FOX Business: The Power to Prosper
U.S. stock-index futures signaled Wall Street may open in the red as traders digested data pointing to declines in retail sales and wholesale prices.
As of 8:42 a.m. ET, Dow Jones Industrial Average futures fell 35 points to 12477, S&P 500 futures dipped 5.8 points to 1314 and Nasdaq 100 futures slipped 8.5 points to 2537.
Retail sales fell 0.2% in May from April as expected, according to the Commerce Department. However, excluding the auto sector, sales were down 0.4%, compared to expectations of no change. Gasoline stations and building-material stores took the biggest hit by a wide margin, while automakers saw the biggest gains.
A separate report from the Labor Department showed wholesale inflation sliding 1% in May from April, which was a bigger drop than the 0.6% that was expected. It represented the biggest slide since July 2009. Excluding the more volatile food and energy components, prices were up 0.2%. The more closely-watched data on consumer prices are due out on Thursday.
The markets have had a volatile week, with the Dow shedding 143 points on Monday just to tack on 163 points on Tuesday. Market participants have been fixated on the crisis in the eurozone, with the critical Greek elections looming just days away.
"We believe the risks from Europe will remain a key market driver for the foreseeable future," analysts at Barcalys Capital wrote in a note to clients. The analysts added that the downside risk resulting from the elections remains "considerable."
In a sign of the ongoing anxiety, Italy paid the highest yield in six months to borrow for one year on private markets in a bond auction on Wednesday. In secondary markets, Italy's benchmark 10-year bonds yielded 6.11%, while Spain's yield clocked in at 6.68%. Analysts say yields above 6% are perilously high, and could potentially limit the countries' access to private capital. Still, both countries saw the cost to insure their debt against a default fall slightly, according to financial data firm Markit.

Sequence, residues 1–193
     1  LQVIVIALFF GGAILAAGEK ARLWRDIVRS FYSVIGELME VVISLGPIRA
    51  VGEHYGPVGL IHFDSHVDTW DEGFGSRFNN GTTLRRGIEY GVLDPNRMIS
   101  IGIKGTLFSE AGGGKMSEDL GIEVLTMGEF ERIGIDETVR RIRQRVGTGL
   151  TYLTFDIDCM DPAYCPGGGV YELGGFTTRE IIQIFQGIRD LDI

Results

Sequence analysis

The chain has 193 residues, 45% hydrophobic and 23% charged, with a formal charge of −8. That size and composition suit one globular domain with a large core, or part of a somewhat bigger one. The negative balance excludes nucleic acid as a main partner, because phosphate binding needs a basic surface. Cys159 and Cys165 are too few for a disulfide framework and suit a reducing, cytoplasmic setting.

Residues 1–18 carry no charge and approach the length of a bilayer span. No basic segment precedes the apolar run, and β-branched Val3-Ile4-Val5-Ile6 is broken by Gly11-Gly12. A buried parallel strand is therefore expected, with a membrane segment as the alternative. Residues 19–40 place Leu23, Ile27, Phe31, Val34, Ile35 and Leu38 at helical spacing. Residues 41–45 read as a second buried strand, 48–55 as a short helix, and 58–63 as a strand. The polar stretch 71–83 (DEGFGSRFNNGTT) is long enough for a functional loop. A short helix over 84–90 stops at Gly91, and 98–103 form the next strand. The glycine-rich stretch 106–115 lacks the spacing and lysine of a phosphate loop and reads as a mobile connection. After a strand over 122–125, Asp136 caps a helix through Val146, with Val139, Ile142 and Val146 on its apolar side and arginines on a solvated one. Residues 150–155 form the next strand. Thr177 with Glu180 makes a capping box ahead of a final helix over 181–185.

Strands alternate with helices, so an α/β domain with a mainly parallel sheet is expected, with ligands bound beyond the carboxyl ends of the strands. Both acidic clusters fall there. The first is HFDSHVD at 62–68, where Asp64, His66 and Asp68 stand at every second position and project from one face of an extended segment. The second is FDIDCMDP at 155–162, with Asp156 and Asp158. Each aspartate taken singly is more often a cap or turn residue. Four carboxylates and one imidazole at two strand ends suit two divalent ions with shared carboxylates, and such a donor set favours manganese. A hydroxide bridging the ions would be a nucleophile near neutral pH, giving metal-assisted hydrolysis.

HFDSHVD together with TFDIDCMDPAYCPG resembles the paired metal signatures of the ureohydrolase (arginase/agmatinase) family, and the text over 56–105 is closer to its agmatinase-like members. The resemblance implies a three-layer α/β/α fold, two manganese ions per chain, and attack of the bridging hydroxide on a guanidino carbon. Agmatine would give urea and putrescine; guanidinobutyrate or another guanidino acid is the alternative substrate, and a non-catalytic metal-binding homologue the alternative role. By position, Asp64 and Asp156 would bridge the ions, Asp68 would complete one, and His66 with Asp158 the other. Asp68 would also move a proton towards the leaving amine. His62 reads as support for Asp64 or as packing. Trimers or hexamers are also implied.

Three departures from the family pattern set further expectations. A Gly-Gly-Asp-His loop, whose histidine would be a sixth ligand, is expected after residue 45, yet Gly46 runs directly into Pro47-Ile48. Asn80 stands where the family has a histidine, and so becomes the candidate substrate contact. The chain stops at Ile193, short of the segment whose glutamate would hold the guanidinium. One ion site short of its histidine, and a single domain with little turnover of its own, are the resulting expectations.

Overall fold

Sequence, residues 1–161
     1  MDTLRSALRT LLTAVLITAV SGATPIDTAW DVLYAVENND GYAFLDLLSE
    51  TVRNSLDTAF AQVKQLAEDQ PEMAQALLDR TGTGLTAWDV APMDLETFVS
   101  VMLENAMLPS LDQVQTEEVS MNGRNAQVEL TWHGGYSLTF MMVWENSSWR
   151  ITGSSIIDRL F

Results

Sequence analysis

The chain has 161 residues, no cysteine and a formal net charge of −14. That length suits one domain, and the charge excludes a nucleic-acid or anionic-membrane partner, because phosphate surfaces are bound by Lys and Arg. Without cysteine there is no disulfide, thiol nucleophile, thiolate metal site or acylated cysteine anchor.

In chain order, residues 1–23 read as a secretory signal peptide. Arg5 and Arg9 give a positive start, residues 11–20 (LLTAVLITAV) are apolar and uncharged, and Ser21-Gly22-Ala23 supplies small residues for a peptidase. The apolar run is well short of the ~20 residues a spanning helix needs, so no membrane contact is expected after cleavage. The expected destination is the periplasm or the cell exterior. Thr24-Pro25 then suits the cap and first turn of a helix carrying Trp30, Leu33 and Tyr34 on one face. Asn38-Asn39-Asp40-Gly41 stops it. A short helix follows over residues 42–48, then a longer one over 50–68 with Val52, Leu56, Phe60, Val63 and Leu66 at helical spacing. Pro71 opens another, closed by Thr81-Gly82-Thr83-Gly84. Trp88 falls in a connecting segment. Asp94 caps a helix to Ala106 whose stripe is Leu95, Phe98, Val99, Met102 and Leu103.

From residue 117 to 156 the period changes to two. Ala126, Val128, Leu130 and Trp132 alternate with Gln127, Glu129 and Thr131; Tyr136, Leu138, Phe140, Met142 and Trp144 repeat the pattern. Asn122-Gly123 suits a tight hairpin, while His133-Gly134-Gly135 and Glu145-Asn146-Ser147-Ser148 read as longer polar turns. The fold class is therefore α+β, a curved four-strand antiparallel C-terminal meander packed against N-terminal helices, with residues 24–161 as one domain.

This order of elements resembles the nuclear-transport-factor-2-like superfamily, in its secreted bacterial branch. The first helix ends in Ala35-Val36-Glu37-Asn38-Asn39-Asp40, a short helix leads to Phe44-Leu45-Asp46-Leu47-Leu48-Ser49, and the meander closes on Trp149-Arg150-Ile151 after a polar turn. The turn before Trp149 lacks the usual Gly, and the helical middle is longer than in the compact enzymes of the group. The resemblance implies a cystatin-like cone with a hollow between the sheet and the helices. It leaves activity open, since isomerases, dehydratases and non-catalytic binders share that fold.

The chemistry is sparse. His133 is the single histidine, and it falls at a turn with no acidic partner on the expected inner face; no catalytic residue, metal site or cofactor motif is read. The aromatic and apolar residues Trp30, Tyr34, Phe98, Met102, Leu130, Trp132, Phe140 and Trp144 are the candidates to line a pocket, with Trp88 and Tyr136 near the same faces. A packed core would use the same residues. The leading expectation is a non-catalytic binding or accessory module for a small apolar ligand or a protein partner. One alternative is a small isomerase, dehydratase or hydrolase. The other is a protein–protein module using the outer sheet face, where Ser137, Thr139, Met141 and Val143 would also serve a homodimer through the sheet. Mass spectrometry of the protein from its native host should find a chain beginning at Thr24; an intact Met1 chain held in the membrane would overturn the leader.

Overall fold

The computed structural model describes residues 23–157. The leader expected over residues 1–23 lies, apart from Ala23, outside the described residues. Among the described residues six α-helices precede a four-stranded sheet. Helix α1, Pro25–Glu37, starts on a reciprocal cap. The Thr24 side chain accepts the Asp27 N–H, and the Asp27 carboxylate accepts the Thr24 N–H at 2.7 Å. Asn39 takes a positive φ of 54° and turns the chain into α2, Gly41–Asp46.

Investors have been paying especially close attention to the borrowing costs both of those countries pay amid worries they could be the next victims of the crisis.
Meanwhile, factory output in the 17-member currency bloc slid 0.8% in April from March, according to data from Eurostat. It was the biggest drop in a month.
The Euro Stoxx 50, which tracks eurozone blue chips, edged higher by 0.03%.
Oil futures were little changed ahead of the weekly inventory report from the Energy Department at 10:30 a.m. ET. Analysts expect U.S. oil stocks to have fallen by 1.4 million barrels last week. The benchmark crude oil contract fell 18 cents, or 0.2%, to $83.15 a barrel. Wholesale New York Harbor gasoline rose 0.4% to $2.66 a gallon.
In metals, gold slid $3.80, or 0.24%, to $1,610 a troy ounce.
The Euro Stoxx 50 rose 0.03%, the English FTSE 100 slipped 0.06% to 5471 and the German DAX dipped 0.45% to 6133.
In Asia, the Japanese Nikkei 225 climbed 0.6% to 8588 and the Chinese Hang Seng jumped 0.82% to 19027.